Advertisement

Reply

Published:August 11, 2008DOI:https://doi.org/10.1016/j.ajog.2008.06.042
      We thank Dr Hubel for his comments. The methodology to identify circulating endothelial progenitor cells (EPCs) used in our study has been described in detail.
      • Savvidou M.D.
      • Xiao Q.
      • Kaihura C.
      • Anderson J.M.
      • Nicolaides K.H.
      Maternal circulating endothelial progenitor cells in normal singleton and twin pregnancy.
      In many previous studies, EPCs are described as a peripheral blood mononuclear cell (PBMC) population expressing CD34, kinase insert domain receptor (KDR)/vascular endothelial growth factor receptor-2, and CD133/AC133 with adherent growth characteristics.
      Whereas the function and the clonogenic capacity of EPC should be evaluated using colony-forming unit assays, their number is usually assessed by flow cytometry using either antibodies against CD34 and KDR or CD133. However, very strict and rigorous technology in flow cytometry analysis is needed, and a completed negative/positive control should be included in this analysis. This is because it is very difficult to reproduce the data of EPC numbers because of the limitation of nonspecific background of this measurement and because of the fact that just a very small fraction (0.001% to 0.03% of PBMCs or less than 5 per mL of blood) of CD34-AC133-KDR-triple positive EPCs exist in the circulation.
      Alternatively, phenotypes of human EPCs can be confirmed by the uptake of 1, 1'-dioctadecyl-3, 3' 3'-tetramethylindocarbocyanine–labeled acetyl low-density lipoprotein (DiI-Ac-LDL) and binding of Ulex europeus agglutinin (lectin).
      Our previous study
      • Xiao Q.
      • Kiechl S.
      • Patel S.
      • et al.
      Endothelial progenitor cells, cardiovascular risk factors, cytokine levels and atherosclerosis—results from a large population-based study.
      demonstrated that a large proportion (from 25% to 75%) of DiI/lectin double-positive cells were endothelial cell–specific markers positive, under our culture conditions, such as CD31, CD144, von Willebrand factor, KDR, and endothelial nitric oxide synthase, but conducting all the experiments to check the endothelial-specific marker expression in DiI/lectin double-positive cells was not feasible. Therefore, double-positive cells for DiI-Ac-LDL and lectin were counted as circulating EPCs and used in the present study.
      We acknowledge that all termed EPCs have recently been reclassified as 3 kinds of cells: colony-forming unit–endothelial cells, circulating angiogenic cells, and endothelial colony-forming cells.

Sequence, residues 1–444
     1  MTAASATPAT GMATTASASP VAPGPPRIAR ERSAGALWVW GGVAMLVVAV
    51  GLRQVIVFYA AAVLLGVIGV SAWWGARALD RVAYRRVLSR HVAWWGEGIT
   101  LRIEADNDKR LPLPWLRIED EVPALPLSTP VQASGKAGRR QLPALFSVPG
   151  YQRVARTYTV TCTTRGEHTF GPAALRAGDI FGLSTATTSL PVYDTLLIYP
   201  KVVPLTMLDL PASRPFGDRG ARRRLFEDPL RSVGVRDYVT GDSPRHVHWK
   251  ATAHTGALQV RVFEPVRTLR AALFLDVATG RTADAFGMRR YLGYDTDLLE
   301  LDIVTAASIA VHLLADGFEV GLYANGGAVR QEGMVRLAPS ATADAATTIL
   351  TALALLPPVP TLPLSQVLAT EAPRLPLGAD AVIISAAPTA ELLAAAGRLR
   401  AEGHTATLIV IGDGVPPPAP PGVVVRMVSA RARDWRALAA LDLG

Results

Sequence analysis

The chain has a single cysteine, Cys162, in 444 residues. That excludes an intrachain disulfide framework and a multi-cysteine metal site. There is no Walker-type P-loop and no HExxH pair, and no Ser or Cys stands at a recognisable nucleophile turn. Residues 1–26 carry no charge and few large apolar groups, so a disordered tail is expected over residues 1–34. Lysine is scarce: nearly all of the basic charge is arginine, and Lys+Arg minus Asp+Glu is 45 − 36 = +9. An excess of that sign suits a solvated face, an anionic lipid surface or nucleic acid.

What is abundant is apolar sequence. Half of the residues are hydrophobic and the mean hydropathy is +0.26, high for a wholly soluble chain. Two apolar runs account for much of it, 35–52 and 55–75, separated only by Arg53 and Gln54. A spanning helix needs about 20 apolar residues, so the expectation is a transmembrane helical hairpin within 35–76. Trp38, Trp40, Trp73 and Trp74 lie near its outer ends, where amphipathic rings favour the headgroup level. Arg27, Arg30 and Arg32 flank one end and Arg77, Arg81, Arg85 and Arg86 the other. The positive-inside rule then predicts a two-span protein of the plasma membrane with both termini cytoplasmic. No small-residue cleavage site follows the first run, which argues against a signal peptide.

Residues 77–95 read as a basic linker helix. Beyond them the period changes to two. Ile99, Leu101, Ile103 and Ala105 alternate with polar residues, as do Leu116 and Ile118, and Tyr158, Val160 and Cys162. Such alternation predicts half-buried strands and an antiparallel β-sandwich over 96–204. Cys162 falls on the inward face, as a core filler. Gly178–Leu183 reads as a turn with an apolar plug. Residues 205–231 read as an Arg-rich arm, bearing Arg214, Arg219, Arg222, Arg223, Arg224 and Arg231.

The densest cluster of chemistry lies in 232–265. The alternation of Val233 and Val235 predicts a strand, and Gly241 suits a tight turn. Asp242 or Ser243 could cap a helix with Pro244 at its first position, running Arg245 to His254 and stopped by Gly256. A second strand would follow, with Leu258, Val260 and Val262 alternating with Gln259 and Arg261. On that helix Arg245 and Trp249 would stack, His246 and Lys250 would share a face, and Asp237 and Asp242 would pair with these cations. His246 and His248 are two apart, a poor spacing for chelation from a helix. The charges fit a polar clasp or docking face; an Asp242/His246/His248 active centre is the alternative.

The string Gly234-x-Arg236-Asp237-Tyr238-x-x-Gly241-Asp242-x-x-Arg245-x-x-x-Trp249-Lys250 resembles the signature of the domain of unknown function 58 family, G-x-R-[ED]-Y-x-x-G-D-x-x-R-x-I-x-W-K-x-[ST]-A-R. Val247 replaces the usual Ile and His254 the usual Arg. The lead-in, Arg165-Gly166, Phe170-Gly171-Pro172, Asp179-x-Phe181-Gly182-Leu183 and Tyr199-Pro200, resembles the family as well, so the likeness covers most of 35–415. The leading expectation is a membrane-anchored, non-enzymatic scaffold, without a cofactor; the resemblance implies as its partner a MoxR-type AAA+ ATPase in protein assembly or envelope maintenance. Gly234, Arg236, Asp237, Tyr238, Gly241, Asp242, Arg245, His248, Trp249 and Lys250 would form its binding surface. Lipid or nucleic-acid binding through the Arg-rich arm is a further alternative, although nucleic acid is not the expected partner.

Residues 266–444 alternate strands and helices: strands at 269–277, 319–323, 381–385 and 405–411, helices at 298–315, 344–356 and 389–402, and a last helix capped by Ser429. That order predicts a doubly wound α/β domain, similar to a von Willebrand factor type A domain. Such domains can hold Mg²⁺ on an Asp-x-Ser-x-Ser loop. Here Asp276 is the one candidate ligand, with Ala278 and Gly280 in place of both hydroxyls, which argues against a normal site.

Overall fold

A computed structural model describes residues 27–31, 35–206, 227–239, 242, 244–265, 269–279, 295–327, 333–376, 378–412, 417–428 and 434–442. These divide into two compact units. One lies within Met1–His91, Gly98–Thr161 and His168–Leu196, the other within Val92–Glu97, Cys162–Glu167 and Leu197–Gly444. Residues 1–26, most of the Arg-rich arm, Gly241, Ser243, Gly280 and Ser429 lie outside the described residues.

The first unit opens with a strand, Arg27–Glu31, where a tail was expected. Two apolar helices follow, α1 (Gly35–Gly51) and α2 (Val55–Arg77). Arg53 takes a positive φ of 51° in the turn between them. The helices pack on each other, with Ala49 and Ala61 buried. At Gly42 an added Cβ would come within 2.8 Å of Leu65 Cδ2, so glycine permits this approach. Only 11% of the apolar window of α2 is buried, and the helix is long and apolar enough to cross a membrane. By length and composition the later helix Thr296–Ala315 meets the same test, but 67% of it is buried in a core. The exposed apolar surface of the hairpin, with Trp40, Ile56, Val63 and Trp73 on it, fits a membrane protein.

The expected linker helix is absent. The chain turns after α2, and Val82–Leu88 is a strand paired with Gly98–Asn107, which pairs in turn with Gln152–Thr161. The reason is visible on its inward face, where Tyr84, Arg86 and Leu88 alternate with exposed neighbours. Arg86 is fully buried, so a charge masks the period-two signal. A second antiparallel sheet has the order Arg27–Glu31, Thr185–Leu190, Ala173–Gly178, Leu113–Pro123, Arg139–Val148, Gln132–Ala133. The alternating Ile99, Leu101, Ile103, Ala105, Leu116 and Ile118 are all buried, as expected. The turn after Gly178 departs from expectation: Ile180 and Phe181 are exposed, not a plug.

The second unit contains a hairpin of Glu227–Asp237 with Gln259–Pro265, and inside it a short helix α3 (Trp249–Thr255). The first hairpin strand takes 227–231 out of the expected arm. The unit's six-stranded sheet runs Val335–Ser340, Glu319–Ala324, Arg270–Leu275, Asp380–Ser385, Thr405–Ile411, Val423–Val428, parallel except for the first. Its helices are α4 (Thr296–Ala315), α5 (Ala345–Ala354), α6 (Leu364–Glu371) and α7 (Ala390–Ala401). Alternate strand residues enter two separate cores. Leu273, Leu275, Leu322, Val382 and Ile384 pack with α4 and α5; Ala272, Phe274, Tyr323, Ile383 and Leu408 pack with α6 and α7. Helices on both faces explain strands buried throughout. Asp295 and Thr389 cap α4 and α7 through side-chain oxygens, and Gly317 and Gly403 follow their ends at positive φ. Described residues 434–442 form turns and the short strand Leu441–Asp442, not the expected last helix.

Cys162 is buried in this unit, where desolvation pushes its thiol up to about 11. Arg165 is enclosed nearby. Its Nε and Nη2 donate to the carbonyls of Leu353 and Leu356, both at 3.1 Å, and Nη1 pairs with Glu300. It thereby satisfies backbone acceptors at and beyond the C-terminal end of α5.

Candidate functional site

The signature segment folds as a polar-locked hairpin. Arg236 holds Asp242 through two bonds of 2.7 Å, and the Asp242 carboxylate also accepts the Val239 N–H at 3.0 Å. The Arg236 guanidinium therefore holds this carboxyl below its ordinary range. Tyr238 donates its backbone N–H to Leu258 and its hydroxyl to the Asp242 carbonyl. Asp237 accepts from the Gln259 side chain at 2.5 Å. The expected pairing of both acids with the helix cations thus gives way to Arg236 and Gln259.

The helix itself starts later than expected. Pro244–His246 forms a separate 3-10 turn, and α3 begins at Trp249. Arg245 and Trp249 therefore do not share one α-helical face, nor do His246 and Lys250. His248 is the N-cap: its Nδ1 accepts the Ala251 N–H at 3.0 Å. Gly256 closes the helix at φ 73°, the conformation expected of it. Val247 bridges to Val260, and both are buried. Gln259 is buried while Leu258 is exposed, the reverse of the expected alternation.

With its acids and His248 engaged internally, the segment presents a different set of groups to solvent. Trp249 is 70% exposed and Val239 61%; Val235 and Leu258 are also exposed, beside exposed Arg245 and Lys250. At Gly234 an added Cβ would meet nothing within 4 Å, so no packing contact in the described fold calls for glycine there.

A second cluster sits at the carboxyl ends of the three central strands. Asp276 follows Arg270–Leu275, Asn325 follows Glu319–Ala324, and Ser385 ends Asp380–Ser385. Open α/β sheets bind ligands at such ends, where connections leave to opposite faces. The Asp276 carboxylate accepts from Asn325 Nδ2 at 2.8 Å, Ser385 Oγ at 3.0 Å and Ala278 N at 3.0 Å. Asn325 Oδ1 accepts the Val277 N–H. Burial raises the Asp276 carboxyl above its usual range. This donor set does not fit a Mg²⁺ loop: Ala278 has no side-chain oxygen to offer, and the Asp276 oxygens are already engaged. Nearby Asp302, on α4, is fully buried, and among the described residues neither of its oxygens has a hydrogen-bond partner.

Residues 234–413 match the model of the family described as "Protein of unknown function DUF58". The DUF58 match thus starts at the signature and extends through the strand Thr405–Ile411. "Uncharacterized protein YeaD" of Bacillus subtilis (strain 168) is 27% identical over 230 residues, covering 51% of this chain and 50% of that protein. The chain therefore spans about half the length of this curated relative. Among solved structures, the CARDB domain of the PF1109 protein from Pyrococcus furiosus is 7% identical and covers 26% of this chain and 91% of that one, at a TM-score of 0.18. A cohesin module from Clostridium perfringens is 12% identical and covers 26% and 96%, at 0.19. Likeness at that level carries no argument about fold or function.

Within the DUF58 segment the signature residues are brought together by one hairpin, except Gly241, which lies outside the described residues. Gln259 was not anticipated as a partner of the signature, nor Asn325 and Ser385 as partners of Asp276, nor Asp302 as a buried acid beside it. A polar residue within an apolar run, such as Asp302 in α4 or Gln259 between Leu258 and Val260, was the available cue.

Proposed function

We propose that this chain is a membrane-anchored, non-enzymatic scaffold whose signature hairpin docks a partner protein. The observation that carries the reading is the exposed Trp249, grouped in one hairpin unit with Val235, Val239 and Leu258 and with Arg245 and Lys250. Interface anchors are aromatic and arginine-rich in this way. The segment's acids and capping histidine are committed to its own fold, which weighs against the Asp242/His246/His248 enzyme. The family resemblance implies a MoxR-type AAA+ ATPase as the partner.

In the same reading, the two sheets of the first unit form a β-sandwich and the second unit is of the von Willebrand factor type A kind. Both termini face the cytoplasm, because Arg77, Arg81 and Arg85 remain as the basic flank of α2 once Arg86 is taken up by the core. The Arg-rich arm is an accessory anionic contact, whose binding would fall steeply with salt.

• Prater D.N.
      • Case J.
      • Ingram D.A.
      • Yoder M.C.
      Working hypothesis to redefine endothelial progenitor cells.
      Although we recognize the controversy in the EPC definition, based on the previously cited information, we can conclude that our measurements reflect the changes of termed EPCs during the different stages of pregnancy. Undoubtedly, a consensus among scientists would be desirable to help further the research in this field.

      References

        • Savvidou M.D.
        • Xiao Q.
        • Kaihura C.
        • Anderson J.M.
        • Nicolaides K.H.
        Maternal circulating endothelial progenitor cells in normal singleton and twin pregnancy.
        Am J Obstet Gynecol. 2008; 198 (414.e1-5)
        • Xiao Q.
        • Kiechl S.
        • Patel S.
        • et al.
        Endothelial progenitor cells, cardiovascular risk factors, cytokine levels and atherosclerosis—results from a large population-based study.
        PLoS ONE. 2007; 2: e975
        • Prater D.N.
        • Case J.
        • Ingram D.A.
        • Yoder M.C.
        Working hypothesis to redefine endothelial progenitor cells.
        Leukemia. 2007; 21: 1141-1149

      Linked Article

      • Endothelial progenitor cells and pregnancy
        American Journal of Obstetrics & GynecologyVol. 200Issue 1
        • Preview
          Savvidou et al1 reported a decline in endothelial progenitor cells (EPCs) in the maternal circulation with advancing gestation. The available literature on EPCs during pregnancy is conflicting, however, as appropriately acknowledged by the authors.
        • Full-Text
        • PDF